New Video: Crab Nebula Comes Alive

An iconic colorful cloud of gas and dust – the remains of an ancient violent cosmic event-  is finally revealing its dynamic nature thanks to a newly released video more than a decade in the making.

A favorite target for backyard telescope users for generations, the Crab Nebula, sitting some 6,500 light years from Earth, in the constellation Taurus the bull, is the remnants of a star’s supernova explosion first seen by humans back in the year 1054.  We know this because records kept by Chinese and Japanese astronomers of the time describe a new bright star shining in the sky that lasted for only a few weeks.

Despite the resulting six-light-year-wide space cloud expanding at a rate of 1,500 kilometers (932 miles) per second, changes in its shape have been difficult to see due to its relative small angular size in our sky and its large distance away. (Related: New Time-Lapse Movie Shows Cosmic Crab in Action)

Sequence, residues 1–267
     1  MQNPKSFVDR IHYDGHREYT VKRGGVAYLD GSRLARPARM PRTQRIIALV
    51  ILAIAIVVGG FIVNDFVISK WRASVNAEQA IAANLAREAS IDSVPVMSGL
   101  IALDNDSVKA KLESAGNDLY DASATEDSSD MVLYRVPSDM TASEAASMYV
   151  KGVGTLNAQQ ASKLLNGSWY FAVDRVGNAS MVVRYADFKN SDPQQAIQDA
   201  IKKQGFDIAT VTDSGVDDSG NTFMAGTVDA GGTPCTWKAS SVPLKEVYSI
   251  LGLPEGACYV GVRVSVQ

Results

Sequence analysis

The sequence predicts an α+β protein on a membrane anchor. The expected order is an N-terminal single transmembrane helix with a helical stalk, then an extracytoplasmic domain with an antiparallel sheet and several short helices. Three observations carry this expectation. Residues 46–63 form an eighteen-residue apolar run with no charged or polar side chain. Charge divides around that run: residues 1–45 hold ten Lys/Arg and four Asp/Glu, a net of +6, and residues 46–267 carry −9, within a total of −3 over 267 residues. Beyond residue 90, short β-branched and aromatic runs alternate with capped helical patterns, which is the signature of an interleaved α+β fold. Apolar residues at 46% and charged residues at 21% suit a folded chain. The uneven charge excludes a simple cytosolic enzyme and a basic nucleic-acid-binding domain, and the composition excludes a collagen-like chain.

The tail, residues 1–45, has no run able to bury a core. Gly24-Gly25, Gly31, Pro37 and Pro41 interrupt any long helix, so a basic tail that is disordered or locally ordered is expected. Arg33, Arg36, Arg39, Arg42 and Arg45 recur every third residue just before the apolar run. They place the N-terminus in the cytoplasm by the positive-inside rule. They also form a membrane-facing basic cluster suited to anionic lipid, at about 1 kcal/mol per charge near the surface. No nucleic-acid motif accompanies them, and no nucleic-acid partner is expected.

But now, astronomer Adam Block has managed to capture the growth of the Crab nebula that has occurred between 1999 and 2012 through beautiful images taken by two large professional observatories – and assembled them into the compelling video above.

Tip of the hat to Phil Plait for this great find.

The animation is truly awe-inspiring, and a great cosmic way to end the week.

 

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Andrew Fazekas, aka The Night Sky Guy, is a science writer, broadcaster, and lecturer who loves to share his passion for the wonders of the universe through all media. He is a regular contributor to National Geographic News and is the national cosmic correspondent for Canada’s Weather Network TV channel, space columnist for CBC Radio network, and a consultant for the Canadian Space Agency. As a member of the Royal Astronomical Society of Canada, Andrew has been observing the heavens from Montreal for over a quarter century and has never met a clear night sky he didn’t like.